When Goals Become Limits
How Our Ambitions Might Just Keep us From Our Potential
From the time that I was 6 years old, I knew what I wanted to do with my life. I wanted to be an artist. I would sit down at the little table in my parents’ living room every day, break out the pencils and paper, and go to town.
Art was my passion. I had laser-focus on it all through grammar and middle school. My parents fully supported me, as well.
That passion lasted clear through high school — where I enrolled in the Art Advanced Placement curriculum. It was overwhelming. I was among 25 of my peers, who were all also passionate about art. They lived and breathed it, as I thought I did.
But they were all much better at art than me.
A Goal Can Be Destructive
Every day, I’d go into art class, look at what my peers where producing, compare it to what I was making, and be totally embarrassed. My teacher obviously noticed as well. When we would all put our work up to critique as a class, mine was clearly either rushed, incomplete, or showed little polish or refinement.
One day, she took me aside to talk. She started by telling me that she didn’t think I was putting in all the effort I could on my art. She was right; I wasn’t. And I knew it. But rather than scolding me for it, and encouraging me to knuckle down and get to it, she pivoted.
She said that she thought I was really good during critiques. I offered great analysis of the work, and gave useful insights about meaning and themes. She told me that I should consider writing about art, rather than expending all my energy trying to make it.
I was wrecked. All I heard was that I was failing. My classic Midwestern upbringing told me that I simply had to work harder, keep pushing, and I’d get there.
So that’s what I did, and it got me absolutely nowhere for 2 more years.
I entered college as a visual arts major, and became and even smaller fish in an even bigger pond. Nearly everyone in my classes was more talented than I was. They appeared to spend more time on their work than I did. When we displayed our work for critiques, it was the same story for me as it was in high school: my work was below the pale.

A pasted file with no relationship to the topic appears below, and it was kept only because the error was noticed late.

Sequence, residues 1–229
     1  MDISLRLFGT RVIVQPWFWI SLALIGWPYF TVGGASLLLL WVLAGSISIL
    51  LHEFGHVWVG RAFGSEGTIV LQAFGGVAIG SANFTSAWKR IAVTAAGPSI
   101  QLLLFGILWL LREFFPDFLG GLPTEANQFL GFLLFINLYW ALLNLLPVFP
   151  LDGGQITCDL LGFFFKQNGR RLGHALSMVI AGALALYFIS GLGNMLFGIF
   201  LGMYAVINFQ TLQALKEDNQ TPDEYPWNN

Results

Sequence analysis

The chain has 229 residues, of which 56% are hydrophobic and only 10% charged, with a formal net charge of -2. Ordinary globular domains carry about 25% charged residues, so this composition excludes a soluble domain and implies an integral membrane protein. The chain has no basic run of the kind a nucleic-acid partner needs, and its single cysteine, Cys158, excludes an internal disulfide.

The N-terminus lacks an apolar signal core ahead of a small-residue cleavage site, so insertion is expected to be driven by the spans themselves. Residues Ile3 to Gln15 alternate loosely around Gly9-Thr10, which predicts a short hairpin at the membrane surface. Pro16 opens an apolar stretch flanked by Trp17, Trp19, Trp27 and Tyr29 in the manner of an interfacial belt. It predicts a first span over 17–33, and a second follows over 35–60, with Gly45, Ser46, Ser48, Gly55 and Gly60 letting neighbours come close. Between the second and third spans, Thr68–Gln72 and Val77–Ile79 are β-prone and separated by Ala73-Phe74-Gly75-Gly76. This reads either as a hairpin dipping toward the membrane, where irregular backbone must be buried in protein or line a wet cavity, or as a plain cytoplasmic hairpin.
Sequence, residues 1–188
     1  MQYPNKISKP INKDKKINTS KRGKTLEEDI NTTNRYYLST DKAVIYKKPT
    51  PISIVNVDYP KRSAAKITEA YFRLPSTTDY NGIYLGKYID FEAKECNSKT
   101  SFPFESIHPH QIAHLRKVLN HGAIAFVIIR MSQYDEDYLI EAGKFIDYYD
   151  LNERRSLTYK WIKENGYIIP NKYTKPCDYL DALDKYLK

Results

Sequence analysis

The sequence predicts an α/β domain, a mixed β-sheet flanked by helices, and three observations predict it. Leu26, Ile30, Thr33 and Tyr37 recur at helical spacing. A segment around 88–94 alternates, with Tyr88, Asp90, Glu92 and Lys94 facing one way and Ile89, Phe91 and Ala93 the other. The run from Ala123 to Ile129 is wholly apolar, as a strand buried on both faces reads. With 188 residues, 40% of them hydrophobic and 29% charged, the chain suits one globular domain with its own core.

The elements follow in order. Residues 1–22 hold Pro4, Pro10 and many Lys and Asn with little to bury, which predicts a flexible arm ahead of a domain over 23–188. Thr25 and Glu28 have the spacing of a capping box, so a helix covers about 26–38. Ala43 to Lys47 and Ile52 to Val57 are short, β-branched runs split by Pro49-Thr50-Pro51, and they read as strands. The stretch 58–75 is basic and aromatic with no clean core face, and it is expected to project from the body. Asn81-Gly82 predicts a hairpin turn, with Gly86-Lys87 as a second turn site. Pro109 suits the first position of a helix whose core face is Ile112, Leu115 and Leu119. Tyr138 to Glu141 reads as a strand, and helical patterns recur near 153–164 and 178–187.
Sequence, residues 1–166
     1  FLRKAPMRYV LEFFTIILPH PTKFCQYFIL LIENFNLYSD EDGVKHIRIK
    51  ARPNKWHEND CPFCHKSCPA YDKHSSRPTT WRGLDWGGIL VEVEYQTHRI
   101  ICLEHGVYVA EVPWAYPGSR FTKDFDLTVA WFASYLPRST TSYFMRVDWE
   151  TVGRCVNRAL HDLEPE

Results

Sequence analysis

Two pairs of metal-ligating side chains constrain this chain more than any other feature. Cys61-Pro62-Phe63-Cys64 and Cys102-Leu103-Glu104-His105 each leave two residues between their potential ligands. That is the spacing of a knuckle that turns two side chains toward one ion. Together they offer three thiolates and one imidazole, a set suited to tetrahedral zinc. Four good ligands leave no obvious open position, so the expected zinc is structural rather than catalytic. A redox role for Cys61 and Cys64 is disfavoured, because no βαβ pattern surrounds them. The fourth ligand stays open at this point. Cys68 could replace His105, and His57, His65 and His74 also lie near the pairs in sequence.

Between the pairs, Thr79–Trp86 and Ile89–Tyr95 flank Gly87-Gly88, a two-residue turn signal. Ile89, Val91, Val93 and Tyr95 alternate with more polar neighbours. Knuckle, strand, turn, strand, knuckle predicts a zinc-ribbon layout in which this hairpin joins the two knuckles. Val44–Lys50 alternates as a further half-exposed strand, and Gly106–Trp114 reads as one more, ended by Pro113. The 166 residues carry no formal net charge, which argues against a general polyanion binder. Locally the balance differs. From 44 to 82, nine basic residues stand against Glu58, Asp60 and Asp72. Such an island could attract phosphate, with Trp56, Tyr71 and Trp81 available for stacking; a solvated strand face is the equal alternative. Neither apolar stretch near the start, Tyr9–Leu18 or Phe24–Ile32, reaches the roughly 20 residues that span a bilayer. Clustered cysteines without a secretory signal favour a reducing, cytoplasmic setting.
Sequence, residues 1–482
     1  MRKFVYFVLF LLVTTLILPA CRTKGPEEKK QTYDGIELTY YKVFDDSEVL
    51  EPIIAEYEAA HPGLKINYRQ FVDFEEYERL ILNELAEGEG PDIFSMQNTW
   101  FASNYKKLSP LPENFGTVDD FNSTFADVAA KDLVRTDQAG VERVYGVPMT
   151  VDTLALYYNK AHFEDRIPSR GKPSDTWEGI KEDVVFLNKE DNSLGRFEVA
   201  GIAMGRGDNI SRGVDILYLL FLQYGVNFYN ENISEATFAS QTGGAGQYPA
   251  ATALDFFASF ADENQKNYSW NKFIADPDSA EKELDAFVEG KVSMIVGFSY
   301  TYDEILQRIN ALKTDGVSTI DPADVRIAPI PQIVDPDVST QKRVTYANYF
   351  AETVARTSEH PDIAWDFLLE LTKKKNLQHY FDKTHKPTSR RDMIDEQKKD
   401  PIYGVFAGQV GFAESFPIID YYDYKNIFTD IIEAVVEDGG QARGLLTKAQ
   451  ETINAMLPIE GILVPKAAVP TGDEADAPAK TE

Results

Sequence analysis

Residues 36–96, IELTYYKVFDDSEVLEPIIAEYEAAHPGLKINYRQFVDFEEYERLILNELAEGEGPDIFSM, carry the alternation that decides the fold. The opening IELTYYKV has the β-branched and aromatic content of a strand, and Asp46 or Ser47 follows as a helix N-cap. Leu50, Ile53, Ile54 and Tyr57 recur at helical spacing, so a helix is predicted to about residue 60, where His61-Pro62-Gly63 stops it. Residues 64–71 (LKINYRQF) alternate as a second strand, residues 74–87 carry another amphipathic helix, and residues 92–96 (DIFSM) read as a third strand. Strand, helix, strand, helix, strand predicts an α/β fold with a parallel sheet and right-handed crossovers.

Once again, when I talked during critiques, I could go on forever talking about themes, connections, message, and technique. I like it, and felt right doing it.
Once again, I was sent a message.
A classmate of mine — who was supremely talented — commented to me that he always enjoyed when I spoke up during the critiques. He said he loved not only what I had to say, but how I said it. He asked if I ever thought to write my thoughts and turn them into something.
I laughed, shrugged off the compliment, and moved on. Again. I was failing at my goal, and told myself to just knuckle down and keep working harder.
A Failure, and a Crossroads
My sophomore year came to a close, and my “knuckling down” efforts yielded few results. I began to fall behind in completing assignments. My grades in art classes suffered.
Finally, I hit bottom. I failed my illustration class — the class that was essentially my major. I failed it hard.